The War Diaries of Jean-Paul Sartre, translated by Quintin Hoare (Pantheon: $17.95)
France, along with Britain, declared war on Germany upon the latter's invasion of Poland in September, 1939; and then waited eight months for Germany to attack her. It was an odd situation, featuring the more or less peaceable coexistence of French and German troops facing each other across the border. An occasional patrol, venturing too far, would be seized, questioned and sent back. When one French replacement unit arrived on line, the Germans put up a sign: "Welcome The Sixty-Fifth."
It was called the Phony War, and the journals of Jean-Paul Sartre written during a tour of duty as a weather observer near Strasbourg might, in more than one sense, be called "The Phony War Diaries." He would get up in the morning, walk to the cafe where he would try with mixed success not to eat too much, watch an occasional weather balloon through binoculars, and spend roughly 10 or 11 hours a day reading and writing.
Reading and Writing
Still, for Sartre, reading and writing were war of a kind. Thinking was combat, and in any argument, aside from the element of discovery that made his thoughts so multifarious and unexpected, there was a flinty will to prevail. So much so that, in detailing his philosophical disputes, he would note with no real ruefulness the ruses and devious schemes he had used to win with.
Beyond this, though, his service as a conscript was a challenge and opportunity. Autonomy was the cornerstone of Sartre's philosophy. Later, he would refuse the Nobel Prize partly out of a sense that to accept would forfeit some part of his eternal process of self-definition. And here, suddenly, society was taking hold of him and treating him as hundreds of thousands of his countrymen were treated, without choice.
Sartre was already a novelist and philosopher of growing reputation. His conscription had an odd tendency to free him from the responsibility of his burgeoning persona. Even as a youth, certain that he was to be a Great Writer, he thought of himself, self-consciously, as "a Young Sartre," before circumstances and the journal form allowed him to experiment with writing just what came to mind.
True, the circumstances were benign and the mind was too much its own for the diaries to be a dramatic breakthrough or departure. But the novelty of his situation seems to have had a drastically invigorating effect. In five months, he wrote about 1 million words, including a vast correspondence, work on a novel and the diaries. Most of the latter were lost; but what survives, ably translated by Quintin Hoare, is about one-third of the whole.
"The War Diaries" ' extensive, almost daily entries alternate Sartre's observation of his surroundings and companions, reflections upon his life in Paris, and an extensive wrestling with the mystery of his own character and biography. Beyond this, there are his thoughts about contemporary history, intensive critical passages on his readings, and a complex and rigorous working out of a variety of philosophical subjects which would prefigure one of his major works: "Being and Nothingness."
The sheer energy of eye and mind is breathtaking. All of Sartre's rather oddly assorted talents come into play: The unsparing and fertile mining of his own life and character, the pursuit of what he terms authenticity with a purist passion whose occasional absurdity recognizes and embraces--the effect is comical and intoxicating--and a delicate artistry at evoking people, places and moods.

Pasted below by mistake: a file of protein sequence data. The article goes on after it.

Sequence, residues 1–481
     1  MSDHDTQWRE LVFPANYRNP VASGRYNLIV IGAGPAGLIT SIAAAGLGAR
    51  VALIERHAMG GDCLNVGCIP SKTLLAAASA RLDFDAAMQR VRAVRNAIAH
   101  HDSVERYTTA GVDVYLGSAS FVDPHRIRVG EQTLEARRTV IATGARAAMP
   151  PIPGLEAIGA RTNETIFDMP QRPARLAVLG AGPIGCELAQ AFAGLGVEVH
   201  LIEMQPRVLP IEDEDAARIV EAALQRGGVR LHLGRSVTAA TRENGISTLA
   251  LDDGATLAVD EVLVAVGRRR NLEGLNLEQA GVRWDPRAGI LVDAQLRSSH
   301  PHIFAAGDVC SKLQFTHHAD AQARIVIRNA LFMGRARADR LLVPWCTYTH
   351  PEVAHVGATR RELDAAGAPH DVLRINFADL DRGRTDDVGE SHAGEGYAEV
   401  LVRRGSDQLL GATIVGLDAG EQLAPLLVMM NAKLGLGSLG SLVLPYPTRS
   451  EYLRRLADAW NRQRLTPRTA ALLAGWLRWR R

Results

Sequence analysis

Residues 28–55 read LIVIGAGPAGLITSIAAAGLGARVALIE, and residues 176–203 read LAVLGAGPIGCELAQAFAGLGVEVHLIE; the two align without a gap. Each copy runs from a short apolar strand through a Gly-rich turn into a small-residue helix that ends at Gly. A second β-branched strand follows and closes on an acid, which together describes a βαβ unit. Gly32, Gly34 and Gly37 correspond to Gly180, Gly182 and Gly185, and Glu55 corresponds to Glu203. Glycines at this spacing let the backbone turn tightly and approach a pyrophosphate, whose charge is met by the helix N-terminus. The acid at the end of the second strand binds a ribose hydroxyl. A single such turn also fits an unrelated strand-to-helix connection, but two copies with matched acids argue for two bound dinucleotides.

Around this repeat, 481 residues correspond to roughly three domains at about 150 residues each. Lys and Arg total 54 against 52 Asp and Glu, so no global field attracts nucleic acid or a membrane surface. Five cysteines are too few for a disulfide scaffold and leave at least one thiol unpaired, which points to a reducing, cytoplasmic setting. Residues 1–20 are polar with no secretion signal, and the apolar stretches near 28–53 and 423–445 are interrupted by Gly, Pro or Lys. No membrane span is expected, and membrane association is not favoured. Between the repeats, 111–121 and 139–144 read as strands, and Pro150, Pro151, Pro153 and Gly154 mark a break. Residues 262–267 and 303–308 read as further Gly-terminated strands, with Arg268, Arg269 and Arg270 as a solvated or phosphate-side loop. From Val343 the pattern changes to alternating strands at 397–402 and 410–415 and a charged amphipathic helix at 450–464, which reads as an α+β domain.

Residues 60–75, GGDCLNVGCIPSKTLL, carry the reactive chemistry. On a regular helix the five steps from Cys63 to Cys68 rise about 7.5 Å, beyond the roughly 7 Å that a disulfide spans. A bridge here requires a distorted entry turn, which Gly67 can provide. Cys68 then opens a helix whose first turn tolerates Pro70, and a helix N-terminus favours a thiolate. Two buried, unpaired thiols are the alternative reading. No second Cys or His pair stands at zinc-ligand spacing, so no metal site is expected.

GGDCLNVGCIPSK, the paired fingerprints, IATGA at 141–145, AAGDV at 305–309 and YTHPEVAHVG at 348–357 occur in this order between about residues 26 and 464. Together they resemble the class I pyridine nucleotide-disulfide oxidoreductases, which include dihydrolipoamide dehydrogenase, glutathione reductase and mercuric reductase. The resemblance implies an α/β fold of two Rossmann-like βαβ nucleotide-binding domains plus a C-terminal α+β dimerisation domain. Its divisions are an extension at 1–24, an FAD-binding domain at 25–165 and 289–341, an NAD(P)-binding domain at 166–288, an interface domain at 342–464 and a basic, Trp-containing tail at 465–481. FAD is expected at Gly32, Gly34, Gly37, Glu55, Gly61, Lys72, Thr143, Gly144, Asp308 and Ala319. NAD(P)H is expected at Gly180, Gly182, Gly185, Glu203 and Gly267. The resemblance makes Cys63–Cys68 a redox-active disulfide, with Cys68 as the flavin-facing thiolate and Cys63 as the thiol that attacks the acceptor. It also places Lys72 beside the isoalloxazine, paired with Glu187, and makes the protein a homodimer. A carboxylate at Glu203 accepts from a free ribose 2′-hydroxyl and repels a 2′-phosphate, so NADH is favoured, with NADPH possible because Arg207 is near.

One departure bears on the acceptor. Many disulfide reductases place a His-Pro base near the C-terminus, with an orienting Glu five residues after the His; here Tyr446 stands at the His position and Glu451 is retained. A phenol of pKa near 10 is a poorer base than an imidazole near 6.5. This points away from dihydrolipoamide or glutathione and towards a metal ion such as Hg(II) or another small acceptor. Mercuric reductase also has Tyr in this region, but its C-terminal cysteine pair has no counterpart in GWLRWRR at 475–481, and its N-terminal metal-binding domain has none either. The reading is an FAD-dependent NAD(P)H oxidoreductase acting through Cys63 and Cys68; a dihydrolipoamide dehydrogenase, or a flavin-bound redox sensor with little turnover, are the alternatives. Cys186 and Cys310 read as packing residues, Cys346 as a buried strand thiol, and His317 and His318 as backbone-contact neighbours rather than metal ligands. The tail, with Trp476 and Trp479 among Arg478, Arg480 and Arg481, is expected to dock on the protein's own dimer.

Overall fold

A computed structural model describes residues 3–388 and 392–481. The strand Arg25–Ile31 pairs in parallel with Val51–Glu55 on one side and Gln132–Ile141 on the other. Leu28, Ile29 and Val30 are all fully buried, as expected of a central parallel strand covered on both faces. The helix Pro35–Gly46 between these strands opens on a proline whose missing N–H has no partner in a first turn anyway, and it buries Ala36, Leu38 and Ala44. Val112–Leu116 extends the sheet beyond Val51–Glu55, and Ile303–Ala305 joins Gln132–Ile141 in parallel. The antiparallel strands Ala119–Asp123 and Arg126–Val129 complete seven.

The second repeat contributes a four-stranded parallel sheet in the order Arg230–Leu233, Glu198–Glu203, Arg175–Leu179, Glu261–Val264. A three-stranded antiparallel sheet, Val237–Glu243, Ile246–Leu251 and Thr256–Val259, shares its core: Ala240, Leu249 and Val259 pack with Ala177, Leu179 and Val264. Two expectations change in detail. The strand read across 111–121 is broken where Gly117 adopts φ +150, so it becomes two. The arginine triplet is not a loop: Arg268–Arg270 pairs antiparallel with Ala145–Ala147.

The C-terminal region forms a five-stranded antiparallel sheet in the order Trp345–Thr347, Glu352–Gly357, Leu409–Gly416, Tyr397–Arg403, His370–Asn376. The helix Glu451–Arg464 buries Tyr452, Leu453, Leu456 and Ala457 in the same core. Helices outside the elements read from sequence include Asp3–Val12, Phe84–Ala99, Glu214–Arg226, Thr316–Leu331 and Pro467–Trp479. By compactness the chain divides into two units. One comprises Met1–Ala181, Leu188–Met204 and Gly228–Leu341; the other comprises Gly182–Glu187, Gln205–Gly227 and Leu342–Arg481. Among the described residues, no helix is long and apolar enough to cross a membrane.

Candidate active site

His relations with the other members of the weather unit are pure social comedy. His combination of aloofness and disputatious zeal made him a veritable hedgehog. He tormented his corporal, a Socialist schoolteacher whose idealism made him a perfect butt for Sartre's efforts to undermine his shaky authority. Sartre himself was goaded by Pieter, a shopkeeper, whose unruffled self-satisfaction he was unable to penetrate. To his most acute arguments, Pieter would simply reply by complimenting Sartre on his "cleverness"; aside from that, he moved in a fog of complacency like "a seraph caressing its cheeks with its wings."
Sartre writes in unsparing detail about his efforts to eat less and the stratagems he uses to undermine these efforts. The difficulties of dieting have never been treated with greater philosophic sweep. "To renounce any of the things one loves is to change worlds," he writes. "And when we see the object of a desire escaping, it seems the world is slipping through one's fingers."
He develops a fascinating analysis of the war spirit of Kaiser Wilhelm and his withered arm; castigates Flaubert as good on nouns but mediocre on verbs ("he takes care of the show and neglects the event"), and reflects on his own indifference to possessions. Even his pens and pipes lose. "They're exiles in my hands," he writes. There are passages of highly abstract and technical philosophy whose jargon reflects his study on German phenomenologists and their tendency to invent word combinations to convey the complexity of their thoughts. These may be inaccessible, as a detailed exposition of a chess problem would be inaccessible to a non-player.
But the quality of Sartre's thought, the explosiveness of a mind still young and stimulated by the special circumstances he found himself in, are evident throughout. "The War Diaries" is a privileged and exciting journey through a sensibility that has shaped an important part of our own cultural history.